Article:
The Renewable Energy sector still continues to be capital intensive though technological breakthroughs have been successfully bringing the costs down by significant margins compared to the position many years back. Besides this the costs of energy generation by using conventional modes too has been on increasing trend due to interplay of many factors- fuel supply costs, currency volatilities, stringent measures for environment management, community aspects and likewise. The converging trends between cost of energy generation from conventional modes and renewable has been rather remarkable. Like projects in many sectors, the project viability of Renewable projects are sensitive to numerous aspects covering policy and regulatory, energy pricing and incentives, fiscal support besides the availability of project financing and the terms thereof. Traditionally, the Banks favor lending to utility power projects of large size rather than small /moderate sized renewable projects due to their understanding of associated project risks and their mitigation.  The renewable energy space has limited access to institutional finance as the policies and regulatory elements for the sector are evolving. Appreciating such situation and the national imperative to take benefit of large endowment of renewable energy resources Government has been providing support under the framework of Priority Sector Lending. This refers to facilitated lending to those sectors which are identified to influence larger and weaker sections of population. These sectors are usually employment intensive and comprise of small and medium enterprises which have limited or no access to institutional finance. Loans disbursed by banks under priority sector lending are provided at concessional rates which are 1 to 2 percent lower than prevailing commercial lending rates. For India distributed power generation as well as its linkages with power infrastructure makes significant sense from economic and social perspectives besides providing cleaner routes for energy generation.

As per RBI guidelines the banks are mandated to have 40 percent loan exposure to sectors defined as priority sector. In practice the Banks have been struggling to achieve this target and are usually left with significant amounts of non disbursed funds at their disposal. Expanding the remit further, Reserve Bank of India (RBI), through a revised guidelines issued in July 2012, had included loans made to individuals for setting up of off-grid Renewable Energy applications for household as part of priority sector lending for banks. Additionally, MNRE under its flagship programme aimed at promoting off-grid solar applications such as irrigation pumps, home lights and solar lanterns provides 30 percent subsidy directly to solar equipment makers on such installations. This subsidy scheme has seen huge success and resulted in unanticipated rise in demand. The total installation of solar off-grid applications across the country increased to 35.09 MWp (megawatt equivalent power) in 2013-14 from 17.59 MWp a year ago. The total number of installations rose to 20 lakh by the end of 2013. Under this subsidy scheme, vendors charges consumers only 70 percent of the product price and the balance 30 percent is claimed from government.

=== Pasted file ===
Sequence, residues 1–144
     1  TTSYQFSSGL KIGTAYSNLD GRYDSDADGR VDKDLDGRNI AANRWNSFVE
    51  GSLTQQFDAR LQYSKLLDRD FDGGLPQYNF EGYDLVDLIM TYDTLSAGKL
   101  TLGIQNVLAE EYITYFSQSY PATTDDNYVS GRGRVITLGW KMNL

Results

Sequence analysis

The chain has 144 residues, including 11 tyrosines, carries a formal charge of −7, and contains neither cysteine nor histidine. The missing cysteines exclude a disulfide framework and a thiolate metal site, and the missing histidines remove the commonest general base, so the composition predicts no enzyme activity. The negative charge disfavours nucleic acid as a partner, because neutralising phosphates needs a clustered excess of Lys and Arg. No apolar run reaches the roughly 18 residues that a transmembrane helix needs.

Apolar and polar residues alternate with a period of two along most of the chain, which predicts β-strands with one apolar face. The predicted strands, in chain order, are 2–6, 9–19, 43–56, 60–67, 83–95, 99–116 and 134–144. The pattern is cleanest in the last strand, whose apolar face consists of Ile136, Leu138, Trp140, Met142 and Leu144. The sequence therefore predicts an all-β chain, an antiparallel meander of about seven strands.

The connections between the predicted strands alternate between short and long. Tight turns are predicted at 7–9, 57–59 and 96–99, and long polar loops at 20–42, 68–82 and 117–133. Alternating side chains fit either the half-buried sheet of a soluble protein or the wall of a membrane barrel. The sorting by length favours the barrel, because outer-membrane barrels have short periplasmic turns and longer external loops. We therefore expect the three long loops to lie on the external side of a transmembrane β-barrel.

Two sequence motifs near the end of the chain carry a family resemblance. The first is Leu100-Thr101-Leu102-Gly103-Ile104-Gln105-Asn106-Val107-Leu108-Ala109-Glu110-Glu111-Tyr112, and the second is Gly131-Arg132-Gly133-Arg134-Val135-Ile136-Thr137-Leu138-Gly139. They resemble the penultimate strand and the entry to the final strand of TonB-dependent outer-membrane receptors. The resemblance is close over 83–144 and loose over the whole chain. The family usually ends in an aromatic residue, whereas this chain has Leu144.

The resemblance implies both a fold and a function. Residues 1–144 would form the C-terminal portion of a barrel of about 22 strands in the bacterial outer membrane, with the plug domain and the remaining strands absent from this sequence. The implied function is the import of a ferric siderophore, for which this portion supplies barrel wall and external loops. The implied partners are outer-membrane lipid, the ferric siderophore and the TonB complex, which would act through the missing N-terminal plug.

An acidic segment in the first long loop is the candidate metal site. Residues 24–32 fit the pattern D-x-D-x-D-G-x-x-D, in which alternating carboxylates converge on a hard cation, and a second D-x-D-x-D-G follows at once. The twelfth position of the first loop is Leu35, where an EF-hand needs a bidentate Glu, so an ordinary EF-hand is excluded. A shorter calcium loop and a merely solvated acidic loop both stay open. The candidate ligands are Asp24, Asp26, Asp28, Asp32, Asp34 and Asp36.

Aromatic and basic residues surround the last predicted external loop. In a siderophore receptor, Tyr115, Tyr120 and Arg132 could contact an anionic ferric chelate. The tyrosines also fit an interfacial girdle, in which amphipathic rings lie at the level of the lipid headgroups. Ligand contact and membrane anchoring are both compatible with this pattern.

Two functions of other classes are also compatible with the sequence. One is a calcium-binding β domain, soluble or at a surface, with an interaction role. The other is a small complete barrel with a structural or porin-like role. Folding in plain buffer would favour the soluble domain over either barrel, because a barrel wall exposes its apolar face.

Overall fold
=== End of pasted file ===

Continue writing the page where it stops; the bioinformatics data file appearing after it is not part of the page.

The ministry had allocated INR 350 crore for off-grid solar projects out of the total budget outlay of INR 1,500 crore per financial year, which is proving insufficient in view of the success of this scheme and thus Government has recently announced review of this subsidy scheme.

Extension of priority sector lending benefits to off-grid renewable energy projects is a significant step and shall open up new and greater project financing possibilities for the sector in India. Such incentives are expected to provide needed support for roll out of national programs like National Solar Energy Mission and, like wise the National Wind Energy Mission expected to be announced during 2014. Under JNNSM Phase III, there is cumulative target of 1000 MW off-grid solar applications and 10 million solar lighting systems by 2013-17.

Steps are required to encourage banks to park more funds in renewable energy projects and an important step to address this would be carving out a special window for lending to renewable energy projects by banks. This can be done by defining a particular funding limit for renewable projects, and delinking this from lending limits for utility power projects.

Going forward, several other measures are required to be undertaken concurrently in order to compliment the effects of steps like priority sector funding. Awareness among consumers about off-grid renewable applications as well as financing options available needs to be raised.

                InfralineEnergy Renewable Knowledgebase Team


The views expressed here are solely those of the author in his private capacity and do not in any way represent the views of the Infraline Technologies (India) Pvt. Ltd. (organization). The organization is not liable for any use that may be made of the information contained therein and any direct/indirect consequences resulting therefrom.